Effective August 14, 2010, a new law imposes a significant fee increase for certain H-1B and L-1 petitioners. This new law will not affect the majority of employers of foreign workers. However, for those employers who have (1) more than 50 employees and (2) more than 50% of their employees working on H-1B, L-1 or L-2 visas, the law requires that for initial grants of nonimmigrant status and for change of employer cases the employer must pay an additional $2,000 fee for an H-1B case and an additional $2,250 for an L-1 petition. We strongly recommend that employers consult with counsel regarding the applicability of this new law, as most companies will not be subject to this fee increase.

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New Regulations on Form I-9 Electronic Storage and Completion -- What Must Employers Do?

The Department of Homeland Security (DHS) recently published a final rule (a regulation) relating to signatures and storage of electronic I-9 forms. Important information for employers regarding this new rule are:

  • I-9 Completion in 3 Business Days. Employers have three “business days” to complete Section 2 of the I-9 (the section of the form where the employer reviews the new hire's documents and verifies the new hire's authorization to work). For most employers, this means that weekend days and federal holidays will not count. However, retailers and other employers who ordinarily conduct business on weekends will want to count weekend days as business days.
  • Employers May Use Combined Systems of Paper and Electronic I-9s. Employers who wish to implement an electronic I-9 system need not do so at all locations to comply with the I-9 rule. Employers may use an electronic system at one location and maintain paper records at another. Similarly, employers using an electronic I-9 system are not required to move all of their I-9s for terminated employees into the electronic system.
  • Employers May Change Electronic Storage Systems. Employers have the flexibility to change from one storage system to another, as long as the new system is still compliant with the system requirements described in the regulation.
  • Employers Need Not Maintain Audit Trails for Viewing Electronic I-9s. While employers still must maintain audit trails for the creation, completion, updating, modification, alteration and correction of electronic I-9s, no audit trail is needed for an instance where someone is merely viewing the document.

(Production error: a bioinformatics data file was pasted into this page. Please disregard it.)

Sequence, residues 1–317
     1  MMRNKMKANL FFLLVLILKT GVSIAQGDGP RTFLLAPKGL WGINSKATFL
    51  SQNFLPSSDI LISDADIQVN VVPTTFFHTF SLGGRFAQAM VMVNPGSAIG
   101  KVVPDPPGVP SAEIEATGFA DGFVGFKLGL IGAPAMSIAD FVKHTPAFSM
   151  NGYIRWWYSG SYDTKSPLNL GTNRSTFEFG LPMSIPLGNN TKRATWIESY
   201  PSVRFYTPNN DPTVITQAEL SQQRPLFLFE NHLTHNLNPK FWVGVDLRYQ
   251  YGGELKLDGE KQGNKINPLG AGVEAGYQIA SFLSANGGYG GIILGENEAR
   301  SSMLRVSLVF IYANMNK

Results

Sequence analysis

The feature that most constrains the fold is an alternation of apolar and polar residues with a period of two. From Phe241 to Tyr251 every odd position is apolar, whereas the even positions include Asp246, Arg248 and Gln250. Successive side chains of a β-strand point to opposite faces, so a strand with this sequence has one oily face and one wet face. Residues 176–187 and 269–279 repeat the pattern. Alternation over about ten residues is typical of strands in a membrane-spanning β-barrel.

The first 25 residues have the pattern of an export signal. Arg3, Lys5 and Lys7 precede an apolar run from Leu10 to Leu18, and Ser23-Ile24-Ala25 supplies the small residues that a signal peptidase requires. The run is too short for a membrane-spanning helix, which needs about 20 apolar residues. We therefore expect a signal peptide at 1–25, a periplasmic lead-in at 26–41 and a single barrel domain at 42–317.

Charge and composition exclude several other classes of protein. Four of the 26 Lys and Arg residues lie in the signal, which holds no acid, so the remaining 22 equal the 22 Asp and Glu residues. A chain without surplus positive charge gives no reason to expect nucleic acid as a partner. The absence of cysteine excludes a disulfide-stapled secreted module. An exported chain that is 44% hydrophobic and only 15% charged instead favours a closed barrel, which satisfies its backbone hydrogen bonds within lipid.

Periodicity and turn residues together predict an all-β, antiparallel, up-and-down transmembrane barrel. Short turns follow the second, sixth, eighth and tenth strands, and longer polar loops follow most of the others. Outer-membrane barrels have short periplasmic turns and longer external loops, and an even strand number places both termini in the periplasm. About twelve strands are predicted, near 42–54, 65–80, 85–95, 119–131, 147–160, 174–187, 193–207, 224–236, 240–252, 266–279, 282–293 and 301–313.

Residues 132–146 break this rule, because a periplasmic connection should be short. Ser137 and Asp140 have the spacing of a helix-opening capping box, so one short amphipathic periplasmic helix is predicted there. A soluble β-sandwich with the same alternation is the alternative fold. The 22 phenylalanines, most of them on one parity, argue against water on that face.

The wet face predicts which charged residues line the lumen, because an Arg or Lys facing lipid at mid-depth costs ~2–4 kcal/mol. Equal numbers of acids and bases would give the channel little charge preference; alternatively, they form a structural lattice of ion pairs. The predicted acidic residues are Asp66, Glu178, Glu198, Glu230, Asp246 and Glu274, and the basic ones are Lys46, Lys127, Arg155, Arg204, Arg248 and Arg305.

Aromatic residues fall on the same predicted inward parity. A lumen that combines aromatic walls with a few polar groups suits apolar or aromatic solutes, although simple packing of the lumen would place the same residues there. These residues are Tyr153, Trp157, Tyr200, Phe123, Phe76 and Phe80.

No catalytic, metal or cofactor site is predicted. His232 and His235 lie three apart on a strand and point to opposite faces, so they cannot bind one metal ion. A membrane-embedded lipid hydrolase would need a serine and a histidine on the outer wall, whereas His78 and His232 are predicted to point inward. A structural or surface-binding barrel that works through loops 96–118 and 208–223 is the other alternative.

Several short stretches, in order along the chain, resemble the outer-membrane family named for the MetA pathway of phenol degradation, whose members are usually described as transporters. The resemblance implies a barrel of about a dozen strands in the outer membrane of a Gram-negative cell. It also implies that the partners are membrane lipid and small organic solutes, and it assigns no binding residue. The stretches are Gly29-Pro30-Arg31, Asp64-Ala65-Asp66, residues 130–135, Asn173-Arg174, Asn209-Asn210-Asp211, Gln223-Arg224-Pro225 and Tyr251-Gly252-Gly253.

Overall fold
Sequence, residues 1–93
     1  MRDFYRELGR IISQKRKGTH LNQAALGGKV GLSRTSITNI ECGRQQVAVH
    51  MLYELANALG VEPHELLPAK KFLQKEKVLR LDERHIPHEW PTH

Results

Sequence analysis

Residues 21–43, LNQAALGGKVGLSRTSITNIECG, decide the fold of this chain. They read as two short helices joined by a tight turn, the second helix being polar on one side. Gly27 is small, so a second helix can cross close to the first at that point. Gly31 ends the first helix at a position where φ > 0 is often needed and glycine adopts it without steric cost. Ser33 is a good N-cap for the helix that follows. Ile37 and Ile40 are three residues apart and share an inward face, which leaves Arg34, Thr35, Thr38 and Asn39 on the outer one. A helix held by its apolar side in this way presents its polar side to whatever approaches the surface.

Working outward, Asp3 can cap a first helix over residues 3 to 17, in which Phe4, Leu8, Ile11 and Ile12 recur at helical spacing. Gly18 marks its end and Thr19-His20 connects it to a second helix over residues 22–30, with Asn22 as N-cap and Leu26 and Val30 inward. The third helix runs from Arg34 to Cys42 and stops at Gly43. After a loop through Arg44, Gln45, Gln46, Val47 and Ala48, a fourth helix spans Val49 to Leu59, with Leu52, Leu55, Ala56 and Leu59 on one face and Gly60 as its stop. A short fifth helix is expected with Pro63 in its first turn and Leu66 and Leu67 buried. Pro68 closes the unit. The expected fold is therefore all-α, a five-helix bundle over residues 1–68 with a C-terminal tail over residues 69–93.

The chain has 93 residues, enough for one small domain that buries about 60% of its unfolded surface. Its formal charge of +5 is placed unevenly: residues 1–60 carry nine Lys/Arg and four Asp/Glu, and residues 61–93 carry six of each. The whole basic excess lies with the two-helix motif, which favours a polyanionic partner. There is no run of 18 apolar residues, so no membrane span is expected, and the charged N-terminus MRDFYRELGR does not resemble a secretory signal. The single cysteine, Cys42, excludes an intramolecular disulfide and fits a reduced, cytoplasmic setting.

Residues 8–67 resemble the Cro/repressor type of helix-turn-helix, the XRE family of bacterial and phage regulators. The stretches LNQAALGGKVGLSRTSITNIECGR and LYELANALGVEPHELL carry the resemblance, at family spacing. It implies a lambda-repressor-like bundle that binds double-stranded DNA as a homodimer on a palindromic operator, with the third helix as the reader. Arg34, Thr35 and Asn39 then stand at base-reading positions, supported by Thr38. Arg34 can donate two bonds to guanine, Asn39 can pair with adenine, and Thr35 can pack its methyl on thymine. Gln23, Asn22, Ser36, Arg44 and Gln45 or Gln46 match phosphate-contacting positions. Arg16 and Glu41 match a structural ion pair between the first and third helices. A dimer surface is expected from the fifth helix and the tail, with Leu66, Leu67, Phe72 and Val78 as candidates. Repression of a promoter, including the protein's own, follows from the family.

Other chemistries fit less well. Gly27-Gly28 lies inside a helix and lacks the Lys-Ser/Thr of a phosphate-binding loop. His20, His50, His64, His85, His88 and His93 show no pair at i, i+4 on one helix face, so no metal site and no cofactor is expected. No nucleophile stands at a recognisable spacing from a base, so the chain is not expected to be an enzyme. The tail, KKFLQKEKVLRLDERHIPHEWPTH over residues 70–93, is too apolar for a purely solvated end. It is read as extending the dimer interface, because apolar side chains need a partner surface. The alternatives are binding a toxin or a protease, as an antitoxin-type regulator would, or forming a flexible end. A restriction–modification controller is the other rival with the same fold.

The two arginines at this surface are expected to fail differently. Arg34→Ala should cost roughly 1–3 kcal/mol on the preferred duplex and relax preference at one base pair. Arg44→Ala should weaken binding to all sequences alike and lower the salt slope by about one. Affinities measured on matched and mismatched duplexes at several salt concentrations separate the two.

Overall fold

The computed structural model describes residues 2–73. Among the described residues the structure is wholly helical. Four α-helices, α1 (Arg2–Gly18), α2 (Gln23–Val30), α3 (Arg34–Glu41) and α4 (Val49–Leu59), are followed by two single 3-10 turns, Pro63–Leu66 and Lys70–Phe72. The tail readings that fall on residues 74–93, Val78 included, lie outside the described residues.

• Employers Must Provide the Employee with a Receipt/Transaction Record if Asked. Employers must provide an employee with a transaction record, such as a printed copy of the I-9, if the employee requests it.

We recommend that employers who are considering a transition from paper to electronic I-9 completion and storage consult with counsel to discuss the electronic I-9 requirements before implementing a new system.

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Visa Waiver Program's ESTA System Now Requires a Fee

Since January 2009, nonimmigrants from 36 designated countries who wish to enter the United States as visitors under the Visa Waiver Program must obtain travel authorization through the Electronic System for Travel Authorization (ESTA), operated by the Department of Homeland Security, before departing for the United States. Effective September 8, 2010, VWP travelers must pay a fee of $14.00 when applying for ESTA clearance, payable by credit card.

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H-1B Category Remains Open

U.S. Citizenship and Immigration Services (USCIS) has released the latest numbers relating to the volume of H-1B specialty occupation visa petitions that it has received, requesting approvals during the H-1B 2011 Fiscal Year.

 

Annual Limit

Petitions Filed as of  August 13, 2010

"Regular" Cap-Subject

65,000

34,900 

U.S. Graduate Degree Exemption

20,000

13,000

Employers commonly use the H-1B category to hire professionals who have unique skill sets or education in hard to find niches including but not limited to sectors of the scientific, engineering, computer science, finance, or marketing fields. H-1B extension petitions are not subject to the H-1B cap, and some employers, such as colleges and universities, are exempt from the H-1B annual limits entirely.

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September 2010 Visa Bulletin -- EB-2 and EB-3 Categories Advance

The U.S. State Department (DOS)’s September Visa Bulletin reflects some movement in the permanent resident or “green card” Employment Second Preference (EB2) and Third Preference (EB3) categories. The EB2 "all chargeability" category remains current. The cutoff date for EB2 India advances nine weeks to May 8, 2006, and the cutoff date for EB2 China also advances to May 8, 2006. The EB3 all-chargeability advances 6½ months to December 15, 2004, and EB3 China advances four weeks to October 22, 2003. The cutoff date for EB-3 India remains unchanged at January 1, 2002. The Employment First Preference category remains current across-the-board.